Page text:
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Defeat of Proposition 1

June 15, 1985

It was predictable that two days after Proposition 1 went down in flames, you would offer up a simplistic editorial explanation (June 6), "Getting More Police Protection--Somehow," for the resounding defeat of a measure your paper sacrificed integrity to support. Proposition 1 lost, you said, because Los Angeles residents worry more about taxes than they do about crime.

That is a simplistic explanation. It's also dumb--and insulting.

Proposition 1 lost, in part, because the voters were not convinced that hiring more cops would reduce crime in Los Angeles.

Proposition 1 lost, in part, because the voters know that police protection can be substantially improved in Los Angeles without levying new taxes, or hiring more cops.

Proposition 1 lost, in part, because voters resented being told--by a police chief who chases prostitutes while rapists go free--that they must either submit to higher taxes or live with the lousy service they're getting from their Police Department.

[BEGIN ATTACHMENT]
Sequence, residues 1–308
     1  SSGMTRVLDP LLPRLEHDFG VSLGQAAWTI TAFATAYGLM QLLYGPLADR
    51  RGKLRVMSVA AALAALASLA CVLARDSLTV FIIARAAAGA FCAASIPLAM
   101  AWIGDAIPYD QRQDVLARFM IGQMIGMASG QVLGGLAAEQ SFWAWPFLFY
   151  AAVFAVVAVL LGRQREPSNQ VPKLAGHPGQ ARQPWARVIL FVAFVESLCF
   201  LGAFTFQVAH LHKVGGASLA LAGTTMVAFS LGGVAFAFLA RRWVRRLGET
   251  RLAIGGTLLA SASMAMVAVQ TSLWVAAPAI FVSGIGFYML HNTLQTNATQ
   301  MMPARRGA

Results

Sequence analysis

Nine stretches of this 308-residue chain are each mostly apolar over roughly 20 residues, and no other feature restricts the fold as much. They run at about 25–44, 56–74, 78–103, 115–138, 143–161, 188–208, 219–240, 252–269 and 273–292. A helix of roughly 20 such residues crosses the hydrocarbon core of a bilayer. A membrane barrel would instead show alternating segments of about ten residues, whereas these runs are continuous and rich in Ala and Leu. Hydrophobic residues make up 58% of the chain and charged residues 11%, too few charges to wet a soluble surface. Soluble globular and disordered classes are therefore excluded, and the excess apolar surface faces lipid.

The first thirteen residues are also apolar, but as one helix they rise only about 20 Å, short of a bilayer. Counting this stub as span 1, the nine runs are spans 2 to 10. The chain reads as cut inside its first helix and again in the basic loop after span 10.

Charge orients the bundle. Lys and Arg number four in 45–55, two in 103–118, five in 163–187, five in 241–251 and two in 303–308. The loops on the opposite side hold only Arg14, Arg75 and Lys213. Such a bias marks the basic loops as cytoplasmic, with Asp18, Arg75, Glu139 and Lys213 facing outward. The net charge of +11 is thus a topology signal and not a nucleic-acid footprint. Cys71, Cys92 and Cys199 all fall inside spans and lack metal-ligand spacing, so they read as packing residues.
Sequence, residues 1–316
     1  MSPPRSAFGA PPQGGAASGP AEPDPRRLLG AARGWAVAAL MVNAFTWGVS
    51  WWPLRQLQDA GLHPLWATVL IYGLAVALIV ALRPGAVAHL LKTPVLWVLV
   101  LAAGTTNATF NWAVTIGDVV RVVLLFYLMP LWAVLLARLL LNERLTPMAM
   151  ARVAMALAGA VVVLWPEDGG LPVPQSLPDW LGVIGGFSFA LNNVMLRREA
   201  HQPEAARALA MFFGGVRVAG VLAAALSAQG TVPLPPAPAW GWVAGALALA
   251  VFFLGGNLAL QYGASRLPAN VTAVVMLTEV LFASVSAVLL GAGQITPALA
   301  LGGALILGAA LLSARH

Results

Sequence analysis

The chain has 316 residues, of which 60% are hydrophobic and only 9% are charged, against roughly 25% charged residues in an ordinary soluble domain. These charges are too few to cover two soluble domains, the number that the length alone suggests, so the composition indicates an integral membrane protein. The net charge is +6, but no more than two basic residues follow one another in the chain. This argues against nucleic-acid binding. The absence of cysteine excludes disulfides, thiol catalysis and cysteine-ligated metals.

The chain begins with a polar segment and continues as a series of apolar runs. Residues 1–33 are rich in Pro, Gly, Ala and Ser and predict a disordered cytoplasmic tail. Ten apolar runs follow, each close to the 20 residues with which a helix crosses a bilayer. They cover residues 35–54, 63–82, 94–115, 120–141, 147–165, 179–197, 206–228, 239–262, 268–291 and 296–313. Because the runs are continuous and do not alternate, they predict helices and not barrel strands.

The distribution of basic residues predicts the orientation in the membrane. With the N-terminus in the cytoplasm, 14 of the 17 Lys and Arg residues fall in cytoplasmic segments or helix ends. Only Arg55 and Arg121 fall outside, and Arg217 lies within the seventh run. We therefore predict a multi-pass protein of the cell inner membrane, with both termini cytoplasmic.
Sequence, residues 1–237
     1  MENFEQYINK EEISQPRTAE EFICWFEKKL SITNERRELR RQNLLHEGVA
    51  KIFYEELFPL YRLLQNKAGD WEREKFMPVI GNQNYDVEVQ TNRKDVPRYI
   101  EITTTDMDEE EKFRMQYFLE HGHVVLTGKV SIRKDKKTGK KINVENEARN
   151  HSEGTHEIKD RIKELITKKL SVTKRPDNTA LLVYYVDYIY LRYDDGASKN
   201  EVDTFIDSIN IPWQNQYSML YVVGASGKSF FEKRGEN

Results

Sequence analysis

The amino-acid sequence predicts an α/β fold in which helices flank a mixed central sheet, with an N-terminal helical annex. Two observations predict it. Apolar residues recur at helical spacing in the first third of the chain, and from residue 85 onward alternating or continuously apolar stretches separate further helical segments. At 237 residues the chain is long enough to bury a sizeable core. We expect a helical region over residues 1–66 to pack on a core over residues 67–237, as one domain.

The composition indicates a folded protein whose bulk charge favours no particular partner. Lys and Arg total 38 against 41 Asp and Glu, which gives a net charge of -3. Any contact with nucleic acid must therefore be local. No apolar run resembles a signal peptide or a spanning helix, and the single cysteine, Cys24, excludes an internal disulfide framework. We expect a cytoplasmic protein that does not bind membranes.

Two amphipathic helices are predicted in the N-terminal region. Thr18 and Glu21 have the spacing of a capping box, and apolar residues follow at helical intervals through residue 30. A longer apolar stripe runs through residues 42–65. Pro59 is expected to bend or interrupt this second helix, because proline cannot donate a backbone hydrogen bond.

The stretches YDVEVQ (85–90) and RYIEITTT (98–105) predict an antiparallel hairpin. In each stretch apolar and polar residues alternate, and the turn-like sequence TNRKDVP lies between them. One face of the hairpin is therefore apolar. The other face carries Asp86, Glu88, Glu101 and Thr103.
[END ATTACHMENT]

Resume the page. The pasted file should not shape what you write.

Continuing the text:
Proposition 1 lost, in part, because voters resented being told--by a mayor and a City Council too gutless to hold the chief accountable--that if they want better police protection, they'll have to pay the ransom the chief of police has demanded.

In sum, Proposition 1 lost for a variety of valid reasons. But the size of the No vote ought to send 'em a message at City Hall: the people of Los Angeles don't believe everything their "leaders" tell them!

SAMUEL M. SPERLING

Los Angeles

Sperling is president of Public Employees for Lower Taxes.

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